Editorial: Explaining the Electoral College

Following the confusion of the recent U.S. presidential election, it is important to understand how exactly the Electoral College works, as well as its origin.

The electoral college is currently made up of 538 presidential electors, who vote on the president and vice president in December. The number of electors each state receives is the same as the number of the state’s congressmen, which is based upon population. All states elect their electors based on the popular vote in the state. If the popular vote is in favor of a candidate, the state will select an elector that has pledged to vote for that presidential candidate and vice-presidential candidate. The only abnormalities are Maine and Nebraska, which splits their electoral votes between congressional districts within the state, with each district getting one vote.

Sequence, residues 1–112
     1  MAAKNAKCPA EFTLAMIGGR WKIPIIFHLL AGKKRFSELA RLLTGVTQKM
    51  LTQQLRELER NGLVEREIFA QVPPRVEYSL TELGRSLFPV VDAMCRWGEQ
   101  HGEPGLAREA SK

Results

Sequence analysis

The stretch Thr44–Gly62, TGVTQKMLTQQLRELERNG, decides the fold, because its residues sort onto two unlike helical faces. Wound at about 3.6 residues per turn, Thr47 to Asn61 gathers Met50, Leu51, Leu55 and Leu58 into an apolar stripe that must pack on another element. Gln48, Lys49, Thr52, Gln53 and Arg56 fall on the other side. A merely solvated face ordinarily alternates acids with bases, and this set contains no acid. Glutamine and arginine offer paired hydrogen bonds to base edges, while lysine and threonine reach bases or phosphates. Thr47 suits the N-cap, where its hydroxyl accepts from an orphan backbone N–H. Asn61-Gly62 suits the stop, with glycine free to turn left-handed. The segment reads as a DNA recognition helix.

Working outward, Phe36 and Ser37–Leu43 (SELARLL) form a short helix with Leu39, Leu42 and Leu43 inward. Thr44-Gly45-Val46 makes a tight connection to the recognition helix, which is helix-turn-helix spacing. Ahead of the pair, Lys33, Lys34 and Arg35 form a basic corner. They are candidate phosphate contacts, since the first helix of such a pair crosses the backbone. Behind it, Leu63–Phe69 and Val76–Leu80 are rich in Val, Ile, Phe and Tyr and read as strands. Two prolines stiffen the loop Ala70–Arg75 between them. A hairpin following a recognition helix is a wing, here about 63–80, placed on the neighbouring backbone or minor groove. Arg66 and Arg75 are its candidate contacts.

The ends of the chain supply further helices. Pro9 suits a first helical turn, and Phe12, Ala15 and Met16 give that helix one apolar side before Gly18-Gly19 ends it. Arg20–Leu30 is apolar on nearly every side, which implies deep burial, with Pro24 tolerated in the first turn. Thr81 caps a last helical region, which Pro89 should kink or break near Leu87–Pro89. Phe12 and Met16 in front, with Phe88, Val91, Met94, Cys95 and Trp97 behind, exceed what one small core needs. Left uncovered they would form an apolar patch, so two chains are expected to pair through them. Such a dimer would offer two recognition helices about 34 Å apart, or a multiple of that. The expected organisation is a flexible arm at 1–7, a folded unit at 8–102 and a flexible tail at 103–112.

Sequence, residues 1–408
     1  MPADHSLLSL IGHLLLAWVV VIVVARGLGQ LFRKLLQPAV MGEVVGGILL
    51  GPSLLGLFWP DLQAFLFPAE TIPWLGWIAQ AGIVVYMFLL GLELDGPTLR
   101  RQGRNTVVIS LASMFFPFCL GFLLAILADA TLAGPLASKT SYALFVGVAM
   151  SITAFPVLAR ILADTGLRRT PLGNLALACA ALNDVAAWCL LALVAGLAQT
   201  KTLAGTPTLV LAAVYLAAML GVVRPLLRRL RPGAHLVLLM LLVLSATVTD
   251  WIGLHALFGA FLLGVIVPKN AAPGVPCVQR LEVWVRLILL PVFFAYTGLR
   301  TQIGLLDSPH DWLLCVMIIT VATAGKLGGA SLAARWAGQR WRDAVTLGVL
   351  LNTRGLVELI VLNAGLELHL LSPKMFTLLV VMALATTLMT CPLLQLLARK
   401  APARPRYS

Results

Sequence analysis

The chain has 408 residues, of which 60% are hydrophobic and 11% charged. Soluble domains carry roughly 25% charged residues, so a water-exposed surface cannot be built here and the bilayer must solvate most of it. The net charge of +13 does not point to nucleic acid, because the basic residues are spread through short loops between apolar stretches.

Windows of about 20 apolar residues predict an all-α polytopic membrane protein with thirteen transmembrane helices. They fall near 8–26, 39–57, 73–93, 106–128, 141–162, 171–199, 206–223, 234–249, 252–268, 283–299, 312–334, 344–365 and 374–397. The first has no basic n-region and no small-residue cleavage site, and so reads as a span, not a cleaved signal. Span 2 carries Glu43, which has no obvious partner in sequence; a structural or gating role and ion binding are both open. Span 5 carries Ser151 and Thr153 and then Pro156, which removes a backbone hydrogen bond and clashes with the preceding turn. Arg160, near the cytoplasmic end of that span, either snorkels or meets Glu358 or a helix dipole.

On semi-rare occasions, this has lead to faithless electors who vote for someone who did not win the popular vote in that state or district. For example, in the 2016 presidential election, Donald Trump lost two electoral votes and Hillary Clinton lost five electoral votes to third-party candidates due to faithless electors. However, faithless electors have not significantly swayed the election since 1836 when a vice-presidential candidate died after Election Day but before the electoral college convened. 32 states have fines and penalties against faithless electors.